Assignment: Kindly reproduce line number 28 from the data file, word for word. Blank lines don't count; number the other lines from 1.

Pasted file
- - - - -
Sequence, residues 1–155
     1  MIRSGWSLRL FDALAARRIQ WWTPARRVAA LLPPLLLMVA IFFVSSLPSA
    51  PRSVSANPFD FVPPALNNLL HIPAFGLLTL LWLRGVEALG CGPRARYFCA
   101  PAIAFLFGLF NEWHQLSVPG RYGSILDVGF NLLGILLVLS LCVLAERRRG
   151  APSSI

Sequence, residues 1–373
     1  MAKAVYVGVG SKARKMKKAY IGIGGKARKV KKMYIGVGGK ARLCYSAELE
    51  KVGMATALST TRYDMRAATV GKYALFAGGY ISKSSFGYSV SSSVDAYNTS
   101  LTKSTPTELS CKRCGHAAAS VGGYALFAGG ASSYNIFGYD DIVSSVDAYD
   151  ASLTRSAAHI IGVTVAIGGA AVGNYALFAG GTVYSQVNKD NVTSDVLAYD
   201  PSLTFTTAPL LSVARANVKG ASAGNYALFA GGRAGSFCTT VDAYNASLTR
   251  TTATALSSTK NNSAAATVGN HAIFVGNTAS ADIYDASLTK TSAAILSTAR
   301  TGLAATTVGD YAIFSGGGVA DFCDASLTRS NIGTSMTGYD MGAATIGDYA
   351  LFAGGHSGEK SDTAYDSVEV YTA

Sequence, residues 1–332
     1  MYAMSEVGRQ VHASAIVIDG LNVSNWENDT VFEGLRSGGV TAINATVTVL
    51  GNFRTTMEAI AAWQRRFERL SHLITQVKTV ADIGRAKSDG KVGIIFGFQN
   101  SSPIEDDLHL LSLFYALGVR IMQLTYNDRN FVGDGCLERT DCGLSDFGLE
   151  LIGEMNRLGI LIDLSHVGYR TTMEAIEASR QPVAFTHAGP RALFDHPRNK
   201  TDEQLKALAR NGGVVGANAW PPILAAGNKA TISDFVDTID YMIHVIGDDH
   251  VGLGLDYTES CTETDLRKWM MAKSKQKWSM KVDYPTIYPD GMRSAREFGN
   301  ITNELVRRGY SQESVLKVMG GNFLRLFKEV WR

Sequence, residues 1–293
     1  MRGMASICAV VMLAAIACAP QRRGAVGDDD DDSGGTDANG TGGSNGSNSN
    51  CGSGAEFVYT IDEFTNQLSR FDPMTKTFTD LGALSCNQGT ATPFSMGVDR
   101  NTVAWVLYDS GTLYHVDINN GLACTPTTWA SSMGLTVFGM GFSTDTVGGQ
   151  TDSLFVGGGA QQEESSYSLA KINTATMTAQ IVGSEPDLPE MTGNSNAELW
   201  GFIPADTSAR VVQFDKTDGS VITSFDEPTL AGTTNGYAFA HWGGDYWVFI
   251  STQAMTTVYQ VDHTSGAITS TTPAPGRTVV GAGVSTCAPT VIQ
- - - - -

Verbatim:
   201  GFIPADTSAR VVQFDKTDGS VITSFDEPTL AGTTNGYAFA HWGGDYWVFI